As the right's anti-religious freedom campaign against American Muslims gathers team, New York Mayor Michael Bloomberg delivered a stirring speech yesterday about a proposed Muslim community center near the site of the 9/11 terrorist attack. Mayor Bloomberg's powerful words echo an enduring American principle: our Constitution protects the religious freedom of all people and their right to worship as they choose without government interference. Bloomberg's speech came yesterday amid continued attacks on the religious freedom of Muslim Americans. Excerpts from the speech: Read More

Of course, it's not all that new. We've been watching this fester over the last decade. But the venom of the growing anti-Muslim hate campaign -- and the willingness to disregard basic religious and civil liberties for American Muslims -- should be a shocking development in a nation that has championed religious freedom for more than two centuries. Consider, for example, recent comments by Tennessee's lieutenant governor, Ron Ramsey: At a recent event in Hamilton County, Ramsey was asked by a man in the audience about the "threat that's invading our country from the Muslims." Ramsey proclaimed his support for the Constitution and the whole "Congress shall make no law" thing when it comes to religion. But he also said that Islam, arguably, is less a faith than it is a "cult." "Now, you could even argue whether being a Muslim is actually a religion, or is it a nationality, way of life, cult whatever you want to call it," Ramsey said. "Now certainly we do protect our religions, but at the same time this is something we are going to have to face." This kind of religious bigotry has been growing in prominence in Texas as well. Shortly after the 2006 elections, David Barton of the far-right group WallBuilders wrote that Americans were justifiably concerned that Minnesotans had elected a Muslim, Keith Ellison, to Congress: "After all, America and Americans are currently the target of attacks by members of the same Islamic faith that Ellison professes; and while Ellison may not hold the same specific beliefs as America’s enemies, he nevertheless holds the same religion. . . . Ellison may not have the same beliefs as the Muslims who openly decry and even attack America; nevertheless, their behavior reflects on him. It is therefore understandable that citizens outside his district are highly concerned." Read More

by Dan Quinn

Remember when we told you how Cathie Adams, when she served as head of the far-right group Texas Eagle Forum, arrogantly questioned the religious faith of President Obama? Today we saw a perfect example of why that kind of religious bigotry continues to make the political rounds. The far-right website OneNewsNow -- "the day's stories from a biblical perspective" -- has a new post that recycles the long discredited claim that President Obama is a Muslim: "Since before he was elected, controversy has stirred over the extent of President Obama's ties to Islam. During the campaign, he spoke openly of both his Muslim upbringing and his adult conversion to Christianity. But now two major Middle East media outlets -- Nile TV International and Israel Today Magazine -- are reporting that the president has admitted in recent months that he is a Muslim. Those outlets say that Obama, in a one-on-one meeting earlier this year with Egyptian Foreign Minister Ahmed Aboul Gheit, told Gheit that he was still a Muslim, the son of a Muslim father, and the step-son of a Muslim step-father; that his half brothers in Kenya are Muslims; and that he was sympathetic towards the Muslim agenda." Good grief. Read More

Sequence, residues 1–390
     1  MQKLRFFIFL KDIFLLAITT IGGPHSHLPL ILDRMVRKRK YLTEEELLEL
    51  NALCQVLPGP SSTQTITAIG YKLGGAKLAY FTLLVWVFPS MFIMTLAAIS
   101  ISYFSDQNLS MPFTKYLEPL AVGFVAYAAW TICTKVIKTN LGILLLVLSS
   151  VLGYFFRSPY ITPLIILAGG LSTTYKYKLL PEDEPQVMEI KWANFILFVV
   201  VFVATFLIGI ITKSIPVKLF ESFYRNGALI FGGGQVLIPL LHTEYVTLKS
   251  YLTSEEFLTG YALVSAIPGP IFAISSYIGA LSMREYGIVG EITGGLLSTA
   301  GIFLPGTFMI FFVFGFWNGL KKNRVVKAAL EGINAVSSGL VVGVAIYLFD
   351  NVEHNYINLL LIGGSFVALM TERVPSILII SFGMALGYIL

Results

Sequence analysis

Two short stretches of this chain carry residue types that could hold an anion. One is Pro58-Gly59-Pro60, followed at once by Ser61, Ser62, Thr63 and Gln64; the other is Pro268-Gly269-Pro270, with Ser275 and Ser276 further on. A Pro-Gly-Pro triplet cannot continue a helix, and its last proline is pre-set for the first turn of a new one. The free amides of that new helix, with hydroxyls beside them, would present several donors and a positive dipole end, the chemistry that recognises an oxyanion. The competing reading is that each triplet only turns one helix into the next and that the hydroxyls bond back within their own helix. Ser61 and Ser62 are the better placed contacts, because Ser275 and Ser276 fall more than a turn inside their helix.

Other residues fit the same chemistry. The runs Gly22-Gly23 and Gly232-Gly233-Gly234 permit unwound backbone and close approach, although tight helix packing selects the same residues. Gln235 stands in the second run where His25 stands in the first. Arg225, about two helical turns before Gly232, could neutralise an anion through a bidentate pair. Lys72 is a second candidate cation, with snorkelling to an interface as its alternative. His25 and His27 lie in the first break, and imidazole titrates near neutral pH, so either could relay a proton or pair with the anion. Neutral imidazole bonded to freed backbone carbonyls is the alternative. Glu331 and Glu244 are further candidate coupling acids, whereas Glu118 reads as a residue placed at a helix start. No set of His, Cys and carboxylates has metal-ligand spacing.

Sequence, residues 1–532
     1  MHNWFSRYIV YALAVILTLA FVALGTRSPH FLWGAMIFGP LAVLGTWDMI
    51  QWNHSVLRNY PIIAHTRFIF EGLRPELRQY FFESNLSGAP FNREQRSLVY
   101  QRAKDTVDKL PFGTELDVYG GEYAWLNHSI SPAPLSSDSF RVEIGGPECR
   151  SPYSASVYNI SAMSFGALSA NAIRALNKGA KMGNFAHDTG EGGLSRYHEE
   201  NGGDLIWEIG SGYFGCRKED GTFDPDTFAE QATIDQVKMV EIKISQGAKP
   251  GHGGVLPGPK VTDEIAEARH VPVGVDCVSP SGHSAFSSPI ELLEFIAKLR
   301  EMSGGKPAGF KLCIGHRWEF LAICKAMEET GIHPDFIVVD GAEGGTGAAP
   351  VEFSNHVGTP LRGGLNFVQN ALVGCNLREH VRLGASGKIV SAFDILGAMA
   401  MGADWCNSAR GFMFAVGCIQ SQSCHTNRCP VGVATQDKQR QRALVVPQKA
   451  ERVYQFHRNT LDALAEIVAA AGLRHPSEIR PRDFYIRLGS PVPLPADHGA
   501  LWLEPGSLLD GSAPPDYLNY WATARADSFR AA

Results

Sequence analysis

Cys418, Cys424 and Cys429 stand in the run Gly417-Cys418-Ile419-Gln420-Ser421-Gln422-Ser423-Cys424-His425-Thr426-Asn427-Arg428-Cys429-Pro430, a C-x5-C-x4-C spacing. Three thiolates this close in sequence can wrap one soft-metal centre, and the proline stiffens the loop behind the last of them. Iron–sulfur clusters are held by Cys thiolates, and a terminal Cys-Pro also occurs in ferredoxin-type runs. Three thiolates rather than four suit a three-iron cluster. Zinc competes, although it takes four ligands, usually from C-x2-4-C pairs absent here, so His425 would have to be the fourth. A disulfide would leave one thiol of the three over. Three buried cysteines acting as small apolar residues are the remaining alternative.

An odd mix, yes? Let's bring you up to speed. According to its website, Harmony Public Schools operates 25 K-12 college preparatory charter schools, with more than 12,000 students in all, that focus on math, science, engineering and computer technologies. These schools have received substantial praise for student achievement from the Texas Education Agency, recognition by former President George W. Bush and numerous other Republican elected officials, and major funding from mainstream foundations, including the Dell and Gates Foundations. Nevertheless, a newly formed group called West Texas Patriots is questioning the opening of a new Harmony Science Academy in Odessa this fall. The group's members claim that the schools have ties to radical Islam, noting links between the foundation that funds the schools and Fethullah Gulen, a Turkish Muslim and intellectual (who actually lives in northeastern Pennsylvania). Gulen appears to be a controversial figure (to some people, anyway), but there doesn't seem to be sufficient evidence to support the charge that he is an "Islamic extremist." Read More

Texas Freedom Network

"It is clear to the AMA that the conversion therapy needs to end in the United States given the risk of deliberate harm to LGBTQ people." newsweek.com/america… #txlege #YallMeansAll